Plate 10
Folio 51r
Cakile maritima, European sea rocket
C.A.M. Lindman, no. 200
Plate 11
Folio 40v
Orobach, broomrape
Plate 12
Folio 30v
Urtica dioeca, nettle
C.A.M. Lindman, no. 364

Longer words split into two or more short words: Another orthographic peculiarity of Leonardo’s writing was ‘that he would quite arbitrarily divide a long word into two separate halves.(xxii) These orthographic peculiarities are not found in the writings of other 15th century Italian authors.(xxiii) In the Voynich Manuscript some longer plant names were split into two or three consecutive words or anagrams: Plate 13, Plate 14, and Plate 15.

Plate 13
Folio 33v
M. Grieve, Modern Herbal
Plate 14
Folio 52r
Levisticum officinale, garden lovage
Köhler’s Medicinal Plants
Plate 15
Folio 4r
An Illustrated Flora, Brown & Britton, vol. II, page 481; Materia Medica f. 264v

An ‘encyclopedic work on natural philosophy’: Leonardo was not only one of the world’s greatest painters and draftsmen, but his intellect and understanding of the physical world was centuries ahead of his time. Wilfred Voynich’s impression of the VM was that: ‘the drawings indicate it to be an encyclopedia work on natural philosophy,’(xxiv) the type of manuscript a young Leonardo may have written.

Birthday: Leonardo’s grandfather recorded in his diary that Leonardo was born at 3 hours after vespers (sunset), which on that day in Italy in 1452, was at 6.40 pm, i.e. he was born at 9.40.pm on the 15th of April 1452. The astrological drawing, folio 70v1, represents the zodiac sign for Aries.(xxv) This drawing shows three concentric circles of writing. In the center is a drawing of a ram, with the word Abril written beneath it. Within the circles are two circles of nude ladies sitting in tubs of water, 5 in the inner circle and 10 in the outer circle, a total of 15 ladies. Most of the ladies appear to be pregnant. The lady in the inner circle, at about the 10 o’clock position is standing up holding a striped string with a star. She is no longer pregnant and if you look closely you will see a baby under her arm. This drawing when viewed from a distance or reduced in size, resembles the face of a clock with a hand at about 9:40 am or pm. There is little doubt that this folio was intended to document a birth that occurred on the 15th of April around 10 am or pm. Folio 70v1, is consistent with Leonardo’s date, time of birth and zodiac sign: Plate 16.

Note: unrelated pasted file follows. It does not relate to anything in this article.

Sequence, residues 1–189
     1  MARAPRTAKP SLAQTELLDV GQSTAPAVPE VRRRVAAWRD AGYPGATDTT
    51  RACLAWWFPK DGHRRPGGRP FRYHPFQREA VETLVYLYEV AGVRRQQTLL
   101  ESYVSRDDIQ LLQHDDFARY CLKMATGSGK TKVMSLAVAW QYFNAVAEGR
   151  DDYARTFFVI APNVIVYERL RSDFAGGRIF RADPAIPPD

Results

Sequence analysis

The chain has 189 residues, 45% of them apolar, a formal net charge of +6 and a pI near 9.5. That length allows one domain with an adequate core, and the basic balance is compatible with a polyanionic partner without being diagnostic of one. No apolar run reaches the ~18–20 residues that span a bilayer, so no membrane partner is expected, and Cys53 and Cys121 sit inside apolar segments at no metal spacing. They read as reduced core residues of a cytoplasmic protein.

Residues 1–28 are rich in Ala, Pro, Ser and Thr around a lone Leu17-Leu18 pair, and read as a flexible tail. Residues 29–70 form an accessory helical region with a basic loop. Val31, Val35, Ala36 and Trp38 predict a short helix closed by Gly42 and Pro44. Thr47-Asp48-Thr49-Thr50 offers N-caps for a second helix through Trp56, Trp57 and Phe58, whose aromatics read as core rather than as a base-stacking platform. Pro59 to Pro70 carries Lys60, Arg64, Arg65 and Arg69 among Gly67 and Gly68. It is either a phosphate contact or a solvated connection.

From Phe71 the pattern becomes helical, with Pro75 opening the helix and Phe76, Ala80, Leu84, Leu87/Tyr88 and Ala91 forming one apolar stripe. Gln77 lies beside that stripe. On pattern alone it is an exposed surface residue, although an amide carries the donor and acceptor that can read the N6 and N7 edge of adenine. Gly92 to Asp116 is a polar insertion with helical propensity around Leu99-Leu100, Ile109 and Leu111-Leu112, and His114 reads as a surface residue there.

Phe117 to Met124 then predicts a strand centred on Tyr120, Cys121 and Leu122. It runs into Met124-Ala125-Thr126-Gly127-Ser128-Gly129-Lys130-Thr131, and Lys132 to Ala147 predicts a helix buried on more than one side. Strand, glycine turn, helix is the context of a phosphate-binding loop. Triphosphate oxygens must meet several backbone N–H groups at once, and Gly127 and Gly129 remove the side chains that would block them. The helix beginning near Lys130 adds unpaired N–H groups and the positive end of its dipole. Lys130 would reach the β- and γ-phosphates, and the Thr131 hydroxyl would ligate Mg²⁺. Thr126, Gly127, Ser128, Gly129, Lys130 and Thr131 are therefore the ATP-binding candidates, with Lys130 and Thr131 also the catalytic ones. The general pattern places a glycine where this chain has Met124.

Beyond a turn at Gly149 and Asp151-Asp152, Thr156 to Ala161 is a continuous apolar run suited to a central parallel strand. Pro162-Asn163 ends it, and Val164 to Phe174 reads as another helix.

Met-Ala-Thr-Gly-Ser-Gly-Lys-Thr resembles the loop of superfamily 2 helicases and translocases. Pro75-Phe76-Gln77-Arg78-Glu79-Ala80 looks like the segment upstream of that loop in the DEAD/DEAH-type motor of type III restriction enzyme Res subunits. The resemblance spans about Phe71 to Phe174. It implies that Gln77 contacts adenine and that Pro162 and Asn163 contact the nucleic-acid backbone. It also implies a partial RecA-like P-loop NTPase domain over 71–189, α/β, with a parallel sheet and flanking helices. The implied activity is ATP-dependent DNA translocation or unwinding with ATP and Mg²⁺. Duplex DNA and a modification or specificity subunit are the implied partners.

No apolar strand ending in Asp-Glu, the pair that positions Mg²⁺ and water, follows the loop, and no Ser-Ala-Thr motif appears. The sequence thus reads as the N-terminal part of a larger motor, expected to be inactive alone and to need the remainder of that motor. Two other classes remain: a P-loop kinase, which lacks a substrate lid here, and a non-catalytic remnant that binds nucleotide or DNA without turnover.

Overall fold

Plate 16
Folio 70v1

Conclusion: The above discussion shows that Dante’s Italian dialect was the language used by both Leonardo and the author of the VM. They have identical birthdays, similar left-handed hatching and script with even left and right margins without capital letters or punctuation, many words spelt phonetically and the same unique orthographical writing style. These similarities establish that Leonardo da Vinci is the author of this most mysterious manuscript, known as the Voynich Manuscript, a private diary he wrote during his youth to record his observations in the plants in his grandfather’s garden, herbal plants and recipes, human reproduction, astrology and astronomy. As Wilfred Voynich noted, the manuscript is an ‘encyclopedic work on natural philosophy.’(xxvi) Leonardo da Vinci was probably the auther of the Voynich Manuscript.